Nov 27: “But the God in whose hand is your life breath and the whole course of your life, you did not glorify.” (Dn 5:1-6, 13-14, 16-17, 23-28)
King Belshazzar is not doomed for misusing the precious goblets from the temple. The King’s real sin is not giving glory to the true God who gave him the gift of life. His real mistake is not learning from his father, Nebuchadnezzar, and humbling his own ego in the face of the Most High God. Are there times we show more reverence for the trappings of our religion while failing to turn to God with a grateful, humble heart?
Nov 28: “Dew and rain, bless the Lord; praise and exalt him above all forever...frost and chill, Ice and snow, nights and day, Light and darkness, Let the earth bless the Lord, praise and exalt him above all forever."(Dn 3:68-74)
Many of the responsorial psalms this week are from chapter 3 of the Book of Daniel. They remind me of the prayers of St. Francis of Assisi, calling upon nature to give praise to God. Planets and stars and plants and animals and weather all praise God by being what they are, for as Thomas Merton says, “The forms and individual characters of living and growing things…constitute their holiness in the sight of God. Their inscape is their sanctity. It is the imprint of his wisdom and his reality in them…it declares the glory of God…But what about you? What about me?” Indeed, what about you and me? Let us, by being what God has made us to be, bless the Lord and praise and exalt him above all forever!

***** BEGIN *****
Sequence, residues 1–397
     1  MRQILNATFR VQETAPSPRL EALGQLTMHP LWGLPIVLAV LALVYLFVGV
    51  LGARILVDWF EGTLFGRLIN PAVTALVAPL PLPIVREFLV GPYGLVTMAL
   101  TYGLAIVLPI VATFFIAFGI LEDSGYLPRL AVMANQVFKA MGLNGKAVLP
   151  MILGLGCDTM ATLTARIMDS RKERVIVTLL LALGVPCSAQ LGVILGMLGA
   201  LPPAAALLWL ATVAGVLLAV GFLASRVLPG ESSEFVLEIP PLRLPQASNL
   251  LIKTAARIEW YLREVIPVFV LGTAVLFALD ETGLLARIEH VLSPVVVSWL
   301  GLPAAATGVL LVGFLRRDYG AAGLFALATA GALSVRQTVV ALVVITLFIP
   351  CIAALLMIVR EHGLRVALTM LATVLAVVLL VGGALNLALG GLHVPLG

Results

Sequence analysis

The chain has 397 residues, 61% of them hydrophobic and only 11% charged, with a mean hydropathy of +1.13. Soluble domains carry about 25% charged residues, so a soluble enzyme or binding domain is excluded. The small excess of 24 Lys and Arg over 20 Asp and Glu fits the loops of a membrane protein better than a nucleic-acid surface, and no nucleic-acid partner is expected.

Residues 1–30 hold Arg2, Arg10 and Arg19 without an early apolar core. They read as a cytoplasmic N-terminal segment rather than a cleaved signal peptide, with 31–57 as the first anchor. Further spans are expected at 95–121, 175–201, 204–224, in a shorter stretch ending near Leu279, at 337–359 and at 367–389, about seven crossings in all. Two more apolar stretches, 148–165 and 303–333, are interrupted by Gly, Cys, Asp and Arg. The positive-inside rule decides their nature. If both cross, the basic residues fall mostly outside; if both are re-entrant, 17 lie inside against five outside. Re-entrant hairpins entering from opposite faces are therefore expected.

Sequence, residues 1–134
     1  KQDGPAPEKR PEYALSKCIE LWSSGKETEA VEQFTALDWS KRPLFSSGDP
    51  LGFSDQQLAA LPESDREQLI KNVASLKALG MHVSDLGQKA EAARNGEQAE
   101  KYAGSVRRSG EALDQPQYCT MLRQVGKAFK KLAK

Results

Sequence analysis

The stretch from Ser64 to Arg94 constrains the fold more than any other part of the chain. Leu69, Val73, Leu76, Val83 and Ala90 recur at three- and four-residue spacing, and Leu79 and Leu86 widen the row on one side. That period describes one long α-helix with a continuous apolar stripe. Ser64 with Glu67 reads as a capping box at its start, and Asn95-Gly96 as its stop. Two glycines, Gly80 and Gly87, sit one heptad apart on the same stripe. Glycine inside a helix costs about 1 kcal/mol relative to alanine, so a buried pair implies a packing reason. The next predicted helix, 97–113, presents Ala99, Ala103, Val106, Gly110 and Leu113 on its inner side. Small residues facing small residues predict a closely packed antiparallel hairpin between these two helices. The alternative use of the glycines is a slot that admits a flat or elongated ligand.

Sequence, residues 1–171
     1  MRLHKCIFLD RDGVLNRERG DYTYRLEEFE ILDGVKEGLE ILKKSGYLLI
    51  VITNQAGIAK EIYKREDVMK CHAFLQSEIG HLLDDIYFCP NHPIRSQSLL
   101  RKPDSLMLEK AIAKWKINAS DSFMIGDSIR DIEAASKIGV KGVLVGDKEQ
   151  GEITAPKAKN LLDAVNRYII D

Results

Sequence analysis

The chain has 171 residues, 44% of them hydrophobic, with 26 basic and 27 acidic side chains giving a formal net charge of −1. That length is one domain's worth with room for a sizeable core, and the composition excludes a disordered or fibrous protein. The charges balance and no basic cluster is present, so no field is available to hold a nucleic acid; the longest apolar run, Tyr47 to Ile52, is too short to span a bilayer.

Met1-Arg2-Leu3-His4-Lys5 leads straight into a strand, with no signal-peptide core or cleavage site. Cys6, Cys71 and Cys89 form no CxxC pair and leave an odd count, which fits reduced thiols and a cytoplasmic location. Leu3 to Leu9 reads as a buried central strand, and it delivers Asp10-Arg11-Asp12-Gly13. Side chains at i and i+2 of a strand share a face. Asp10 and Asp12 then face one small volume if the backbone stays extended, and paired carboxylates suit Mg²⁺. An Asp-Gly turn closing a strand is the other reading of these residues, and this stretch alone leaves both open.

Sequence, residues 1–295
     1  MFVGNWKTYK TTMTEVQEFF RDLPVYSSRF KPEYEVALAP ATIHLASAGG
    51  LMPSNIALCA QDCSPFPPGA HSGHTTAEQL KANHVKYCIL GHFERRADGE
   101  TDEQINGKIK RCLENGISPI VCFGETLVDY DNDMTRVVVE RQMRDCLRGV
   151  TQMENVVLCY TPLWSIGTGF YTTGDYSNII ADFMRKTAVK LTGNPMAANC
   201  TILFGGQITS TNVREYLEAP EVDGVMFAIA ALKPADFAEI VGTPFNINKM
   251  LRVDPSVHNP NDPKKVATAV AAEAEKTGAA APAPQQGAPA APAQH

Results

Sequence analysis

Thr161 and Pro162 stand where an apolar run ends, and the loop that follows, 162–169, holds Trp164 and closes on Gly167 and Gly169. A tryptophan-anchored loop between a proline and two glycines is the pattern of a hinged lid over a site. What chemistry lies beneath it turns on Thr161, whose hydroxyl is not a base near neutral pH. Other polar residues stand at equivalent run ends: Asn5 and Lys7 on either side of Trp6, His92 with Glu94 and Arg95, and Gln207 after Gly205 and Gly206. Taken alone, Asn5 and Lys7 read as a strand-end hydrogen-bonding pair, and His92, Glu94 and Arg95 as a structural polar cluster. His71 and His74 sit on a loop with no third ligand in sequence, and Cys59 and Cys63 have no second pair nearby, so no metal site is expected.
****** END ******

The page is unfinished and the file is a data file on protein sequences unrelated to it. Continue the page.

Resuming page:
Nov 29: “Heaven and earth will pass away, but my words will not pass away.” (Lk 21:29-33)
Jesus says that not only earth, but heaven too will pass away. The earth part I get, but heaven? Isn’t that what we’re all aiming for? Jesus is telling us is that our earthly images of what heaven is to be, our all-too-human concepts of what God is and is not will be blown away like the dust of the earth. The Word of truth, peace, and justice will stand and stand forever. That is heaven. That is what really matters.
Nov 30: As Jesus was walking by the Sea of Galilee, he saw two brothers, Simon who is called Peter, and his brother Andrew, casting a net into the sea…He said to them, "Come after me, and I will make you fishers of men." (Mt 4:18-22)
This is a good book-end to the week, a reminder of how God chooses to be with us—through the ordinary activities of daily life, in the sorrows and the joys of human existence. Whether it’s people like Peter and Andrew in the midst of manual labor earning their living or Matthew, padding his bank account as a despised tax collector, God invites real people, sinful people, people like you and me to spread the Good News. And the invitation to do so is often given right smack dab in the middle of our everydays. How open are you to hear God’s voice? Take time during the busyness ahead to listen for God’s call in the midst of your day.
Elaine Ireland has a passion for working with parents and anyone who struggles to maintain a sense of God’s love and peace amid the day-to-day challenges of life. She has a master’s degree in Spiritual and Pastoral Care from the Pastoral Counseling department at Loyola, Maryland, with a focus on developmental psychology and spiritual guidance. Rooted in Ignatian spirituality, she is a writer, retreat and workshop leader, and presenter on topics such as pastoral parenting, “letting go,” and finding the spiritual in the midst of everyday life. She lives in Ellicott City, Maryland with her husband, Mark and children, David and Maggie.
We hope you enjoy "Come and See!" and we welcome your input. Please contact Elaine Ireland at email@example.com with questions, comments, and responses.